# Prediction Accuracy Metrics¶

The lenskit.metrics.predict module containins prediction accuracy metrics.

## Metric Functions¶

lenskit.metrics.predict.rmse(predictions, truth, missing='error')

Compute RMSE (root mean squared error).

Parameters: predictions (pandas.Series) – the predictions truth (pandas.Series) – the ground truth ratings from data missing (string) – how to handle predictions without truth. Can be one of 'error' or 'ignore'. the root mean squared approximation error double
lenskit.metrics.predict.mae(predictions, truth, missing='error')

Compute MAE (mean absolute error).

Parameters: predictions (pandas.Series) – the predictions truth (pandas.Series) – the ground truth ratings from data missing (string) – how to handle predictions without truth. Can be one of 'error' or 'ignore'. the mean absolute approximation error double

## Working with Missing Data¶

LensKit rating predictors do not report predictions when their core model is unable to predict. For example, a nearest-neighbor recommender will not score an item if it cannot find any suitable neighbors. Following the Pandas convention, these items are given a score of NaN (when Pandas implements better missing data handling, it will use that, so use pandas.Series.isna()/pandas.Series.notna(), not the isnan versions.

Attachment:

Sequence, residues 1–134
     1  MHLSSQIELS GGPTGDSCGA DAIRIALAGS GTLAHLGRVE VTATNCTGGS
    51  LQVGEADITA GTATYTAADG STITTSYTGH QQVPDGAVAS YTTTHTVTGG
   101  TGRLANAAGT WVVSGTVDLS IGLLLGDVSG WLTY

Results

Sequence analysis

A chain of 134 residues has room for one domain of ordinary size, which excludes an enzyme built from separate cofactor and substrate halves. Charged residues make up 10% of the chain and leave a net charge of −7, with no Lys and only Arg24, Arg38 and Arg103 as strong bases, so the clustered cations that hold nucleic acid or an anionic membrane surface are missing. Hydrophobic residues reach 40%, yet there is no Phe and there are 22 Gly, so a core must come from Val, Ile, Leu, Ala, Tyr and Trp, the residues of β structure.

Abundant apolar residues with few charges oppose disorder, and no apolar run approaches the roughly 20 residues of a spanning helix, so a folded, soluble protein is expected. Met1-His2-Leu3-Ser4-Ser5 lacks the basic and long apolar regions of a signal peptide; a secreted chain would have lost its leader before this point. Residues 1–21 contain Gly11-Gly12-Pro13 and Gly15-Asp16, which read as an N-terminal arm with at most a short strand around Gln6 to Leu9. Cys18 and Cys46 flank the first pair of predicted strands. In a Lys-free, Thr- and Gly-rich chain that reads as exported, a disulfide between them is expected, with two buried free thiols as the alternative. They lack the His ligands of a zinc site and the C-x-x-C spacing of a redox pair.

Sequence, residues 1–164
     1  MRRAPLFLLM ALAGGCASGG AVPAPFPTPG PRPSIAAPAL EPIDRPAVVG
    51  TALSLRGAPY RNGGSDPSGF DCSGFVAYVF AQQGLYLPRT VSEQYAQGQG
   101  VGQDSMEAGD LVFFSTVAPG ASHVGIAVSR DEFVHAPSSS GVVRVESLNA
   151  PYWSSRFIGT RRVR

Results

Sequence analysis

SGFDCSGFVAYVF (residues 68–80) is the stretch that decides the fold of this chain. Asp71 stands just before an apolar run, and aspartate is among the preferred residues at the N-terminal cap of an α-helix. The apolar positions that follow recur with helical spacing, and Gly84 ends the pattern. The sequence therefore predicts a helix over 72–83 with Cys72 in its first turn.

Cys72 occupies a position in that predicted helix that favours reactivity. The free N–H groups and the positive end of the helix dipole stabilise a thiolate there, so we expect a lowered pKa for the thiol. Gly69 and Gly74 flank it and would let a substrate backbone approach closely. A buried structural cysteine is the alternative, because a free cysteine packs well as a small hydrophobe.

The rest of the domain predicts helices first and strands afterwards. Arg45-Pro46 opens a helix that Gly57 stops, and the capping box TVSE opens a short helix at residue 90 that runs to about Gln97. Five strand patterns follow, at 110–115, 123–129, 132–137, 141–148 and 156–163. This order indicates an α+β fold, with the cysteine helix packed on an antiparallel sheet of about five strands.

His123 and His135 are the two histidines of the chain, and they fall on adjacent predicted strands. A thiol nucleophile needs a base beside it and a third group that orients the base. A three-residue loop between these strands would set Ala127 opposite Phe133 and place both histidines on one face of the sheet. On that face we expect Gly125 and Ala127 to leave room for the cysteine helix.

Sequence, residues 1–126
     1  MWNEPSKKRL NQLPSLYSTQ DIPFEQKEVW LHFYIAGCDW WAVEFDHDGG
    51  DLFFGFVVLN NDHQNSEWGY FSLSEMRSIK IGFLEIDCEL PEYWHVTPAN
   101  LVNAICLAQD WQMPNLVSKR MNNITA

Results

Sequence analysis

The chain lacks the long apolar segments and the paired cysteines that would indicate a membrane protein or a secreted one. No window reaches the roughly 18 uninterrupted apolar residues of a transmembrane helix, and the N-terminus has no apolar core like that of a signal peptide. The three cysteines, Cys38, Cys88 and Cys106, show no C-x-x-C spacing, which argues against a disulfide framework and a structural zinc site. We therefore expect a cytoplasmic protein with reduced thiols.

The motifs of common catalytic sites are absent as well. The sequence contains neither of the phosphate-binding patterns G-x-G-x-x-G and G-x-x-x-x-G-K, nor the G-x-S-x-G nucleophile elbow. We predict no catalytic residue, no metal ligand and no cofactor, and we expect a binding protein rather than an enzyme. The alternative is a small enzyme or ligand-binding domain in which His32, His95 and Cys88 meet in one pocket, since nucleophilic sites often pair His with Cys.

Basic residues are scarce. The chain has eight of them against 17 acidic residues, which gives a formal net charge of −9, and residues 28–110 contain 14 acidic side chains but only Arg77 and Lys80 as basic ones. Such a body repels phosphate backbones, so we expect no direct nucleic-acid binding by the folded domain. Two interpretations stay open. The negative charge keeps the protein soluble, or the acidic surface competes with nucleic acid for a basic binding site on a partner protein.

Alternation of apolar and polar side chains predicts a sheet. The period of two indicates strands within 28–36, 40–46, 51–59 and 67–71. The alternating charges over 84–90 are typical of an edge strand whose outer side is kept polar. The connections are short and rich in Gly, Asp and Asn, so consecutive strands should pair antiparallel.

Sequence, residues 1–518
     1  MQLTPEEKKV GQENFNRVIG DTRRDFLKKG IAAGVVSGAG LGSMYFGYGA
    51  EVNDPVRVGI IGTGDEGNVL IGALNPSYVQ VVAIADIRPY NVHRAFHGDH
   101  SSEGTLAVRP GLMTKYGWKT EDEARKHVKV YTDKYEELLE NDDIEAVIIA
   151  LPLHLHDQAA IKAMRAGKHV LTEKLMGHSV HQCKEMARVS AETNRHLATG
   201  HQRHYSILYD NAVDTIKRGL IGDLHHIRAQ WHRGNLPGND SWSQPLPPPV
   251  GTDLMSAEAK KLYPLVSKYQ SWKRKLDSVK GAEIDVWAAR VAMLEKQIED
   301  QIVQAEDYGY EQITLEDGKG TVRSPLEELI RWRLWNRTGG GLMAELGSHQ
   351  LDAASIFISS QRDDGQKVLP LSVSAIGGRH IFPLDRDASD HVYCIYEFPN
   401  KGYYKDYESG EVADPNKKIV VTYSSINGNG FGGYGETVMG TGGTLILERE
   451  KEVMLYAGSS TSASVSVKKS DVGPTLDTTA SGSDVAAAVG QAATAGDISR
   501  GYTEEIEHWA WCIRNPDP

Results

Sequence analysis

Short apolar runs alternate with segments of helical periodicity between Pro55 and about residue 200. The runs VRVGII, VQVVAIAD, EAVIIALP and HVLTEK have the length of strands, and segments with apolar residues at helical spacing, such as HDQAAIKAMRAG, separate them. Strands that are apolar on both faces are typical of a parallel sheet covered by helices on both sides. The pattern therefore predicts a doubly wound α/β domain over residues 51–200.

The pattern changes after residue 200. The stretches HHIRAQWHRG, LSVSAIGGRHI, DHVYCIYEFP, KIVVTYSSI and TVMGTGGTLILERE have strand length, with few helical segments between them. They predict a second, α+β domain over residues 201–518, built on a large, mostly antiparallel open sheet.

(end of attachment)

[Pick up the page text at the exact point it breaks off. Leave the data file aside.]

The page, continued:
However, this causes problems when computing predictive accuracy: recommenders are not being tested on the same set of items. If a recommender only scores the easy items, for example, it could do much better than a recommender that is willing to attempt more difficult items.

A good solution to this is to use a fallback predictor so that every item has a prediction. In LensKit, lenskit.algorithms.basic.Fallback implements this functionality; it wraps a sequence of recommenders, and for each item, uses the first one that generates a score.

You set it up like this:

cf = ItemItem(20)
base = Bias(damping=5)
algo = Fallback(cf, base)